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Nature. 2003 Feb 6;421(6923):625-7.

Release of invasive plants from fungal and viral pathogens.

Author information

1
Department of Ecology and Evolutionary Biology, Cornell University, Ithaca, New York 14853, USA. cem46@cornell.edu

Abstract

Invasive plant species both threaten native biodiversity and are economically costly, but only a few naturalized species become pests. Here we report broad, quantitative support for two long-standing hypotheses that explain why only some naturalized species have large impacts. The enemy release hypothesis argues that invaders' impacts result from reduced natural enemy attack. The biotic resistance hypothesis argues that interactions with native species, including natural enemies, limit invaders' impacts. We tested these hypotheses for viruses and for rust, smut and powdery mildew fungi that infect 473 plant species naturalized to the United States from Europe. On average, 84% fewer fungi and 24% fewer virus species infect each plant species in its naturalized range than in its native range. In addition, invasive plant species that are more completely released from pathogens are more widely reported as harmful invaders of both agricultural and natural ecosystems. Together, these results strongly support the enemy release hypothesis. Among noxious agricultural weeds, species accumulating more pathogens in their naturalized range are less widely noxious, supporting the biotic resistance hypothesis. Our results indicate that invasive plants' impacts may be a function of both release from and accumulation of natural enemies, including pathogens.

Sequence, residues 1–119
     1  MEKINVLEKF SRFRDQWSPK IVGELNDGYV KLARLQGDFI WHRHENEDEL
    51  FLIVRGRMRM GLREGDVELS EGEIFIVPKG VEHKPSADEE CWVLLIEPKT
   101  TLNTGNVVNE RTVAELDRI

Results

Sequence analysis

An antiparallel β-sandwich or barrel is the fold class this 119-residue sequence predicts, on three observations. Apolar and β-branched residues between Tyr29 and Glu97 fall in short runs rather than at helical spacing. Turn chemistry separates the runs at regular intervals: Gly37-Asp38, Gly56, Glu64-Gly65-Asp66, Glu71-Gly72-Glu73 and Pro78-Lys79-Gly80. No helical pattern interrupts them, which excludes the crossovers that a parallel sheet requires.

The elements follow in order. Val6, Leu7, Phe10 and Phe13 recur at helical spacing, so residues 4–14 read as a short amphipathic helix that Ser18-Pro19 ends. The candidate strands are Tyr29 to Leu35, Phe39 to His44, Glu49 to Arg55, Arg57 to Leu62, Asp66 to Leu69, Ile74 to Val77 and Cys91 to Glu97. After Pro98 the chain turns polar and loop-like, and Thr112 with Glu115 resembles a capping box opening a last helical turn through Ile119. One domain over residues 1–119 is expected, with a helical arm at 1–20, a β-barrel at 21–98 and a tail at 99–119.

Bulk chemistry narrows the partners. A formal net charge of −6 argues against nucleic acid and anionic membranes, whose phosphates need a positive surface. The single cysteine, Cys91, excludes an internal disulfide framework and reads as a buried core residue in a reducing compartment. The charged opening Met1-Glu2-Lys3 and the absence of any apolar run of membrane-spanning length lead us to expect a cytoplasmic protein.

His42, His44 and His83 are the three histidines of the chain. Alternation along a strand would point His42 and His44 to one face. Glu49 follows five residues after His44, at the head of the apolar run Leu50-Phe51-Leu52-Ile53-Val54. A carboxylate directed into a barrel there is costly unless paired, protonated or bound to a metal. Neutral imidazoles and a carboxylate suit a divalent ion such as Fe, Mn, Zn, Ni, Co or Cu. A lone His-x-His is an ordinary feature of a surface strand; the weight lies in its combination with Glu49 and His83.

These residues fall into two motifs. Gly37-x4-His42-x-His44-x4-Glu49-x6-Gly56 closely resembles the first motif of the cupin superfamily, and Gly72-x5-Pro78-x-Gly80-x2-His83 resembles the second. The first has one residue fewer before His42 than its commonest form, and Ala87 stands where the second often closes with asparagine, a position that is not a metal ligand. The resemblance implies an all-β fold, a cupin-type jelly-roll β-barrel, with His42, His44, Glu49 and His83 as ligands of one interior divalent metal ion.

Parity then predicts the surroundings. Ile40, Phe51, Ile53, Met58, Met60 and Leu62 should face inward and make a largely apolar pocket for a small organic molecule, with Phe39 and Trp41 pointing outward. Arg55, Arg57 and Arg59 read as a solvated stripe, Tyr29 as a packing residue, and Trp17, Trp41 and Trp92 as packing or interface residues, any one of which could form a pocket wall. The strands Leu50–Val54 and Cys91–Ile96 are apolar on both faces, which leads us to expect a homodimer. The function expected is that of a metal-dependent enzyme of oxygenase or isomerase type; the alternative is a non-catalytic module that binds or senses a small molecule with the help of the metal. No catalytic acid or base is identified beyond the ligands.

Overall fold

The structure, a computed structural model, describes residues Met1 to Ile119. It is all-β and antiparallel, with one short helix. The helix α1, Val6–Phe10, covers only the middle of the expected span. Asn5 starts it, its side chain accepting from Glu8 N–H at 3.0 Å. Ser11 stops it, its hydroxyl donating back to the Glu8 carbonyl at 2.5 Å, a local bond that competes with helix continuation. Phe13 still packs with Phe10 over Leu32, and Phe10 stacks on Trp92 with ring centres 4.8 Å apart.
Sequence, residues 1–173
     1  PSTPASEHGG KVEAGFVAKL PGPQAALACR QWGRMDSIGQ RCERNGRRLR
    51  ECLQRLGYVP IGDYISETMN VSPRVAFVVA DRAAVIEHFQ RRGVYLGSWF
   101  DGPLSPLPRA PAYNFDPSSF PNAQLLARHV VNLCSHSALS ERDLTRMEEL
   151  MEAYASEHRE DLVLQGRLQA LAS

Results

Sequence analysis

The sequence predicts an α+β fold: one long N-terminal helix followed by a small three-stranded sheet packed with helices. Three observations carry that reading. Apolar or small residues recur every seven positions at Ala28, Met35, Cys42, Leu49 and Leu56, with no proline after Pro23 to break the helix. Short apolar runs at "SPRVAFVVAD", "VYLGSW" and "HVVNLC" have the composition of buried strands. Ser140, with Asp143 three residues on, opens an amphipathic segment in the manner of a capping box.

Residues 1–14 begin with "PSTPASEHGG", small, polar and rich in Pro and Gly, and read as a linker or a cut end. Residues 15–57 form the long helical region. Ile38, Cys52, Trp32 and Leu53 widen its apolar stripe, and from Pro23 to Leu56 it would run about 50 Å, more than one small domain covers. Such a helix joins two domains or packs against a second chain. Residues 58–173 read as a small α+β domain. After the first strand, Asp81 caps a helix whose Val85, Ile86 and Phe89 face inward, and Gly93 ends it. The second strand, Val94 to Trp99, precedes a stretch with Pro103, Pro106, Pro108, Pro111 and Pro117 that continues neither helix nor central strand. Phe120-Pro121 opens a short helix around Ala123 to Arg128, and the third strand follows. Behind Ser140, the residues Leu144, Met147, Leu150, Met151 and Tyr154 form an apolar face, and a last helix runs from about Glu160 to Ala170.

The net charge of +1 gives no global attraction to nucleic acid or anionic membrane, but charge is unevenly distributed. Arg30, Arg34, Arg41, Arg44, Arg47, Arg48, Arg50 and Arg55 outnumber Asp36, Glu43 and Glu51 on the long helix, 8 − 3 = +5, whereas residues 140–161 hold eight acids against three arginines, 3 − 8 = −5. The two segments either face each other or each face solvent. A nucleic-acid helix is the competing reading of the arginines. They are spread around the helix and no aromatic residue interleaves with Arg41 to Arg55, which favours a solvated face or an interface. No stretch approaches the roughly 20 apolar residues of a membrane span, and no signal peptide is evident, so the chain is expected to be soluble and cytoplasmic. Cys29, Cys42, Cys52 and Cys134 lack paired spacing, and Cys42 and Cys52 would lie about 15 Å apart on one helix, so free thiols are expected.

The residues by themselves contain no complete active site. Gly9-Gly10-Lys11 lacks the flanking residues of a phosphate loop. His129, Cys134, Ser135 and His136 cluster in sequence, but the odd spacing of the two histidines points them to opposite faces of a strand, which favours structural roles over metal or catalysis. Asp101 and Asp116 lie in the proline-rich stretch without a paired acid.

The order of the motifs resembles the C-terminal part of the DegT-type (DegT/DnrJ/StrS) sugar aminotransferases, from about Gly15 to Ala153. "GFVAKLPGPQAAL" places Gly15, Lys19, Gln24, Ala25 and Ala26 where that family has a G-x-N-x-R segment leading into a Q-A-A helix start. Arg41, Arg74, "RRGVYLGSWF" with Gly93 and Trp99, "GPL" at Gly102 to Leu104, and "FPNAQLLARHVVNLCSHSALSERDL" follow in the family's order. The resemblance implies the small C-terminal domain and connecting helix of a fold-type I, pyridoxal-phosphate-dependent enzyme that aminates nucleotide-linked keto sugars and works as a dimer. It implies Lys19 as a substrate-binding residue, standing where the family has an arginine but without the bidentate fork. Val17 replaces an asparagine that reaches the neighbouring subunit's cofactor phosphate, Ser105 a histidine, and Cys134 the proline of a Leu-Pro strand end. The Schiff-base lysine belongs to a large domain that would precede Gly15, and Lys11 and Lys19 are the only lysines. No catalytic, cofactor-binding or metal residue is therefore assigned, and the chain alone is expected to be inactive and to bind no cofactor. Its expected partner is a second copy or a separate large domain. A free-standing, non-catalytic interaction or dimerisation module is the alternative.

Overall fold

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PMID:
12571594
DOI:
10.1038/nature01317
[Indexed for MEDLINE]

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